Chloride is the most abundant plasma anion. Chloride influences body water distribution in a manner similar to sodium, and is also involved in the maintenance of electrochemical gradients across cell membranes.
Chloride is largely eliminated via the urine. Urine chloride measurement may be helpful when evaluating a patient with a metabolic acid-base disturbance.
Ambient (8 - 24 degrees Celsius)
Preferred volume: 10ml
In normal health, urine chloride output largely reflects intake.
Urine chloride is a constituent of the urine anion gap which can be used to differentiate between the causes of a normal anion gap metabolic acidosis.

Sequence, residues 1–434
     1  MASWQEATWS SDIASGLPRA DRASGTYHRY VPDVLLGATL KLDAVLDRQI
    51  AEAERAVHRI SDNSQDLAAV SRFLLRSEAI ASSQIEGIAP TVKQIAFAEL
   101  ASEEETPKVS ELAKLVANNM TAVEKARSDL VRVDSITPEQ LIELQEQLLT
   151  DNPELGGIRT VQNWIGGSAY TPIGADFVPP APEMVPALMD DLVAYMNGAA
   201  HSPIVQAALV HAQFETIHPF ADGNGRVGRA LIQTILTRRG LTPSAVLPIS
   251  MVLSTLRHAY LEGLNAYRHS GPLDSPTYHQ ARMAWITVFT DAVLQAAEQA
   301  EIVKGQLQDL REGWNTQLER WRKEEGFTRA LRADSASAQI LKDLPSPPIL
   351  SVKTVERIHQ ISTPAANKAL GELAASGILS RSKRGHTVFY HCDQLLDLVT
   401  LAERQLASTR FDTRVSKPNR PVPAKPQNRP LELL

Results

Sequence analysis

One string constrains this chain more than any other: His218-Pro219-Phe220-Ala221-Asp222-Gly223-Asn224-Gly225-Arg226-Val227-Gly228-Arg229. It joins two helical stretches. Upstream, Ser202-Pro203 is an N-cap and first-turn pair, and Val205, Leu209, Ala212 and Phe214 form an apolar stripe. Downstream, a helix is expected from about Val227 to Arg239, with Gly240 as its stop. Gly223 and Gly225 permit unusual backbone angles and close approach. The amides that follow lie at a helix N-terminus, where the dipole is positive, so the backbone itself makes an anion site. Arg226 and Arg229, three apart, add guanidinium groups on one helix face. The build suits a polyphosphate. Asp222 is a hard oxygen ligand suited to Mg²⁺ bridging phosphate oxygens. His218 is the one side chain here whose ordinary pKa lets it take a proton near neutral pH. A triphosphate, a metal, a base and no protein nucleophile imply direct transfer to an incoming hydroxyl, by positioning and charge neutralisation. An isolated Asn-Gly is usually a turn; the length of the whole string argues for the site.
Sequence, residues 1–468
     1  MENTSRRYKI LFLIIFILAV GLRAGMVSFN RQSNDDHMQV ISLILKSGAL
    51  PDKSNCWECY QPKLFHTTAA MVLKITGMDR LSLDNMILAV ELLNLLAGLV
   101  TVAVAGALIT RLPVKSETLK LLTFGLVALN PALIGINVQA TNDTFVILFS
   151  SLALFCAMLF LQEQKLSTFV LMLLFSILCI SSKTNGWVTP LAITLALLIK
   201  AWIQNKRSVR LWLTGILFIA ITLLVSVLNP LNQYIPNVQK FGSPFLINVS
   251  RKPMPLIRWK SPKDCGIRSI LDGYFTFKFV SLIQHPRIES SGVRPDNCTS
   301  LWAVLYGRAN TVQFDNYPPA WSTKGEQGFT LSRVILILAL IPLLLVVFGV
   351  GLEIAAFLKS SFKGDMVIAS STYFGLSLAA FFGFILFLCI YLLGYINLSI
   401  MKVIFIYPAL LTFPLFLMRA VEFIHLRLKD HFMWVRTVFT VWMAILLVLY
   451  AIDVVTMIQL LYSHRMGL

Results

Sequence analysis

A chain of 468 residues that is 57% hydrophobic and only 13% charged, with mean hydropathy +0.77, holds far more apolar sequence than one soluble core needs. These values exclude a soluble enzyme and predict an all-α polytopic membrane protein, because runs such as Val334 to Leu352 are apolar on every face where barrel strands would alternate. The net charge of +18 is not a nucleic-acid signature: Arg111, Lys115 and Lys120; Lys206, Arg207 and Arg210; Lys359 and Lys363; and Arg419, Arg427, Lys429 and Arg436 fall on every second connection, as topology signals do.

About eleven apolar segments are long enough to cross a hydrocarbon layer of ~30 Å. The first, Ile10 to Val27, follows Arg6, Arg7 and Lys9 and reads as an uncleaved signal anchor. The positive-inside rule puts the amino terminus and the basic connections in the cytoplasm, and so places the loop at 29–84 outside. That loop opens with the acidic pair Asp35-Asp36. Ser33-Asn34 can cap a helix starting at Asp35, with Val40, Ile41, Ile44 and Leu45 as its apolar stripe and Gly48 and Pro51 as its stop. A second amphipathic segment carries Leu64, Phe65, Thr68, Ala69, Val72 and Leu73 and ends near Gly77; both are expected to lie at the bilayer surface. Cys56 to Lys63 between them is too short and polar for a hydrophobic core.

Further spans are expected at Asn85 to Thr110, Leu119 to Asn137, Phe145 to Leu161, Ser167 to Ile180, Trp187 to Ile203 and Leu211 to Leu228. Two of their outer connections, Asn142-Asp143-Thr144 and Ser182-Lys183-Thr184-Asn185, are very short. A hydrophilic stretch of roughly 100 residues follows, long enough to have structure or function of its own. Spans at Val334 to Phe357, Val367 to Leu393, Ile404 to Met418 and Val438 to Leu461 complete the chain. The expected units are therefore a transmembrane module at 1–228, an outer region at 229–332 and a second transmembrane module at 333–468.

Urine chloride is also measured when investigating a patient with a hypochloraemic metabolic alkalosis. A low urinary chloride (typically <10mmol/L) in this setting indicates appropriate renal chloride retention and is suggestive of a gastrointestinal cause of the alkalosis (e.g. prolonged vomiting). However an elevated urine chloride in a patient with a metabolic alkalosis suggests renal chloride wasting which may be due to conditions such as mineralocorticoid excess or a primary disorder of the renal tubules.
Timed 24 hr urine: 110 – 250 mmol/24hr
Indirect ion specific electrode (ISE) performed on Beckman Coulter AU5822 analysers.
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